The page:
Note (12/2015): Hi there! I'm taking some time off here to focus on other projects for a bit. As of October 2016, those other projects include a science book series for kids titled Things That Make You Go Yuck! -- available at Barnes and Noble, Amazon and (hopefully) a bookstore near you!

Co-author Jenn Dlugos and I are also doing some extremely ridiculous things over at Drinkstorm Studios, including our award-winning webseries, Magicland.

There are also a full 100 posts right here in the archives, and feel free to drop me a line at with comments, suggestions or wacky cold fusion ideas. Cheers!

· Categories: Physics
What I’ve Learned:

The Doppler Effect: yet another reason to run from screaming children.
“The Doppler Effect: yet another reason to run from screaming children.”

Most science happens in a laboratory or a particle accelerathingy or inside the brain of some bushy-eyebrowed theory geek. The applications don’t make it far into the real world. Like, why do we never see nonhomologous recombination in the newspapers? Or a cartoon starring Schrodinger’s cat?

Which would presumably be a fan of lasagna, but not so much of Mondays. Just based on previous observations of animated feline behavior.

But once in a while, we’re thrown a bone — a science bone — and we get to see what the eggheads are talking about in their fancy journals and proceedings. Like the Doppler effect, which we can observe on a regular basis — or daily, depending on your neighborhood — and also hear about on the local six o’clock news. That’s more public exposure than Jeremy Piven gets.

Although, to be fair: it’s Jeremy Piven. So.

Anyway, the Doppler effect has to do with waves, and the way they change in frequency relative to motion. Sound waves, for instance. Imagine a toddler in a mall throwing a tantrum, and screaming “MOMMY!” at one-second intervals. As toddlers do.

Now, if you’re moving toward the child — maybe you’re “MOMMY”, and you have the binky that will end this meltdown — the sound of those one-per-second screams will reach your ears faster. If you could run fast enough (and please do; we’re trying to shop here, ma’am) in the direction of the kid, you’d notice the frequency of those screams getting closer together. The child’s still shrieking them once a second, but you’re plowing toward them, so you get to the next one faster than, say, some guy just sitting in the food court with breadsticks shoved in his ears.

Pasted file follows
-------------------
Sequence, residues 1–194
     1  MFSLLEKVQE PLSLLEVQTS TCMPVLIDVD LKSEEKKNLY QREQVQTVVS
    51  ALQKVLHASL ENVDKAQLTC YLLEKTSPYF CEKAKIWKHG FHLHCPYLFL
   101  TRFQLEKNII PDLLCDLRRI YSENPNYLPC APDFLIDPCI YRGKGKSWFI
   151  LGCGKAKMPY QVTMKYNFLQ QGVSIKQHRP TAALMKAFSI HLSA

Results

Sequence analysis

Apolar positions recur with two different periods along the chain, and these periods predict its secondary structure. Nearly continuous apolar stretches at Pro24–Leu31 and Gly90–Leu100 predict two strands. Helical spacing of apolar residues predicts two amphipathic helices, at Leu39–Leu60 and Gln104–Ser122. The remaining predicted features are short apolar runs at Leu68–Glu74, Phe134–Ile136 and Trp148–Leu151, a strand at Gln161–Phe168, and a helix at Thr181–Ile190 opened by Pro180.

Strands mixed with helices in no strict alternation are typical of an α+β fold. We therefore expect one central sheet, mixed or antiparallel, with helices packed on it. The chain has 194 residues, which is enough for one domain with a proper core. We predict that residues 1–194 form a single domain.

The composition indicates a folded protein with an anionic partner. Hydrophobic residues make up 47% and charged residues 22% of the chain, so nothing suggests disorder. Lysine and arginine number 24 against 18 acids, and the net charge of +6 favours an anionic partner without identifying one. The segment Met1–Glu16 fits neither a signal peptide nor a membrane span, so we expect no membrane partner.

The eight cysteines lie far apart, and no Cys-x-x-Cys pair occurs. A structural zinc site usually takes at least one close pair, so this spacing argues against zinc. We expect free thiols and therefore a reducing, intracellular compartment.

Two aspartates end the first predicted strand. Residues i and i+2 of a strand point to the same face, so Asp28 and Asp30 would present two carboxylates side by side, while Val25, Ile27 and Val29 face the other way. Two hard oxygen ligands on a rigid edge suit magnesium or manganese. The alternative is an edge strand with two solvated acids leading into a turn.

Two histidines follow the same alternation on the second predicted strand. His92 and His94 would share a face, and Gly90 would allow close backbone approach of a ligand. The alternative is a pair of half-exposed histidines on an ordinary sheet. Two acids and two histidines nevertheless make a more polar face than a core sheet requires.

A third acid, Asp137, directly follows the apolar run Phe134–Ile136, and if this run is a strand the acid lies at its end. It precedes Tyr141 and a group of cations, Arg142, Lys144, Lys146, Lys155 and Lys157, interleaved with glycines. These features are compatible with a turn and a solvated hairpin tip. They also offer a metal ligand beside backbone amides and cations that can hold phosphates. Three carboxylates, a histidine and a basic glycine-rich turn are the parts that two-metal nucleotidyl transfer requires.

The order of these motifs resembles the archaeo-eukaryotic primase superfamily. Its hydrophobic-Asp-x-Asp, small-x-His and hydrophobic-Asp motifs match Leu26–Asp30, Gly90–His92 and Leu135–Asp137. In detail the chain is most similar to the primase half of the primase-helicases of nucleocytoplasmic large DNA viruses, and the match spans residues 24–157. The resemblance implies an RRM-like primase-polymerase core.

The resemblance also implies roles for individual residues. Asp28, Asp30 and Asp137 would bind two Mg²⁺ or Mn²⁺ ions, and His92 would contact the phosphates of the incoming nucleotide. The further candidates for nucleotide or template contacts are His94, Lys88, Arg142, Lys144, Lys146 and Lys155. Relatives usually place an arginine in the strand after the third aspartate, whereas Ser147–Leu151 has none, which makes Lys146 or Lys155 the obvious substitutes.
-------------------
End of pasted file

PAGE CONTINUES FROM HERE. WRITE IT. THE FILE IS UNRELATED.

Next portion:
That change in frequency is the Doppler effect, and it’s a result of relative movement between the source and the receiver of the waves in question. So if you’re sitting still — because “Mommy’s tired”, obviously — but the squirt comes screaming toward you, the effect will be the same. On your ears, anyway. If not necessarily your Xanax prescription.

The Doppler effect works in the receding direction, too. If your relative motion is away from a wave source, the frequency will decrease as you move further away. With sound waves, pitch varies with frequency, which is why sirens — or toddlers — coming toward you sound high-pitched as they approach, then normal as they pass and lower-pitched as they speed past.

But autotuning ambulance noises and screaming tots isn’t the only trick up the Doppler effect’s sleeve. Light is a wave, too — depending on the time of day and which theoretical physicist you’re talking to — and astronomers can use observations of starlight to determine whether those stars are moving toward us or away from us. But rather than changing pitch, light undergoing a Doppler effect shifts color instead. So light sources coming at us skew toward blue wavelengths, or are “blueshifted”, while light from stars streaking away shows a “redshift”.

And what about the Doppler effect horning in on the local news? Well, radar is another type of electromagnetic wave, and works just the same as light and sound. That “Doppler radar” the weatherman gets so excited about determines the speed and direction that storms are moving by measuring the Doppler effect on radar waves bounced around the atmosphere.

There are plenty more examples, but you get the idea. Also, that kid’s not going to cram his own binky in his mouth, apparently, so maybe you could take care of that now, mommy. Mommy. MOMMY!